Active Transportation and Public Transportation Use to Achieve Physical Activity Recommendations? A Combined GPS, Accelerometer, and Mobility Survey Study
Chaix, B; Kestens, Y; Duncan, S; Merrien, C; Thierry, B; Pannier, B; Brondeel, R; Lewin, A; Karusisi, N; Perchoux, C; Thomas, F; Méline, J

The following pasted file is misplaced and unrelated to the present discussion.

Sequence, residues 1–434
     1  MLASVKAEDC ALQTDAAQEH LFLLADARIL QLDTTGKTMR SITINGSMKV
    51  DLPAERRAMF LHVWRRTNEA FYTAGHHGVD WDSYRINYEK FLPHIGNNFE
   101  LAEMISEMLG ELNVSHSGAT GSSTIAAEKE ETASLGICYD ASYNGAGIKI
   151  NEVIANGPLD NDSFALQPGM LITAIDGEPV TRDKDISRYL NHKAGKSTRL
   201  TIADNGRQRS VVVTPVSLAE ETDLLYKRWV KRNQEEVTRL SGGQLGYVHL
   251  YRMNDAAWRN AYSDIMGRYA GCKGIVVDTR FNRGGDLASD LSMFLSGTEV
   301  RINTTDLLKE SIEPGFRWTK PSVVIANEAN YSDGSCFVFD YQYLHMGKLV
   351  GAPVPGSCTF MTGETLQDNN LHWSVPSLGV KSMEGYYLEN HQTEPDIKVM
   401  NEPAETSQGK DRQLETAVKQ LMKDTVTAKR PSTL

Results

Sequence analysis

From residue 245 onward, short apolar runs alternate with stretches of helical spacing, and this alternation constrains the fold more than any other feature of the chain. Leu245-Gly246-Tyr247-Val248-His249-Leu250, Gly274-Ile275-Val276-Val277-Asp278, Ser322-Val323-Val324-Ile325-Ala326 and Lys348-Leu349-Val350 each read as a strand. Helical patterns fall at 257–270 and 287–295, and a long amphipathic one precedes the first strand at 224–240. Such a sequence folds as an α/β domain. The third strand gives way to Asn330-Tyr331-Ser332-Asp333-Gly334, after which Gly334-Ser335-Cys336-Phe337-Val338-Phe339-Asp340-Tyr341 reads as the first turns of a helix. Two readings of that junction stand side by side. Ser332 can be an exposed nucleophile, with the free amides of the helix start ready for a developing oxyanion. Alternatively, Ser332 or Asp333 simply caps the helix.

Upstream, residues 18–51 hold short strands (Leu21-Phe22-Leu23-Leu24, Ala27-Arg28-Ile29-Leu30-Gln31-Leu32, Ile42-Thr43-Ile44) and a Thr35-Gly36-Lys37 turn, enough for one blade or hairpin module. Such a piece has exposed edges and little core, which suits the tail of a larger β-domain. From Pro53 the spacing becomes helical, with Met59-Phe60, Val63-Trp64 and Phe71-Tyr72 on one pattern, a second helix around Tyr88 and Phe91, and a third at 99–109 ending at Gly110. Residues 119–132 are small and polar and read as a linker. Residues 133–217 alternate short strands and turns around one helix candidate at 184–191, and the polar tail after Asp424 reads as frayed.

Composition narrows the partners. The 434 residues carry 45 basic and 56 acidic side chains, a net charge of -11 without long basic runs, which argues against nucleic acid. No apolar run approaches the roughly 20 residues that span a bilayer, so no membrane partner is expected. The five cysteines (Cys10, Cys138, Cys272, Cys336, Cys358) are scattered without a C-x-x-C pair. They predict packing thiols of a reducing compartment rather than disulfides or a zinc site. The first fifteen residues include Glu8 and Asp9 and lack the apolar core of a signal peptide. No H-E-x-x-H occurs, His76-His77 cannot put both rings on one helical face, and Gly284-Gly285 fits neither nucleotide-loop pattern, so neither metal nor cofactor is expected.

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Background: Accurate information is lacking on the extent of transportation as a source of physical activity, on the physical activity gains from public transportation use, and on the extent to which population shifts in the use of transportation modes could increase the percentage of people reaching official physical activity recommendations.Methods: In 2012-2013, 234 participants of the RECORD GPS Study (French Paris region, median age = 58) wore a portable GPS receiver and an accelerometer for 7 consecutive days and completed a 7-day GPS-based mobility survey (participation rate = 57.1%). Information on transportation modes and accelerometry data aggregated at the trip level [number of steps taken, energy expended, moderate to vigorous physical activity (MVPA), and sedentary time] were available for 7,644 trips. Associations between transportation modes and accelerometer-derived physical activity were estimated at the trip level with multilevel linear models.Results: Participants spent a median of 1 h 58 min per day in transportation (8.2% of total time). Thirty-eight per-cent of steps taken, 31% of energy expended, and 33% of MVPA over 7 days were attributable to transportation. Walking and biking trips but also public transportation trips with all four transit modes examined were associated with greater steps, MVPA, and energy expenditure when compared to trips by personal motorized vehicle. Two simulated scenarios, implying a shift of approximately 14% and 33% of all motorized trips to public transportation or walking, were associated with a predicted 6 point and 13 point increase in the percentage of participants achieving the current physical activity recommendation.Conclusions: Collecting data with GPS receivers, accelerometers, and a GPS-based electronic mobility survey of activities and transportation modes allowed us to investigate relationships between transportation modes and physical activity at the trip level. Our findings suggest that an increase in active transportation participation and public transportation use may have substantial impacts on the percentage of people achieving physical activity recommendations.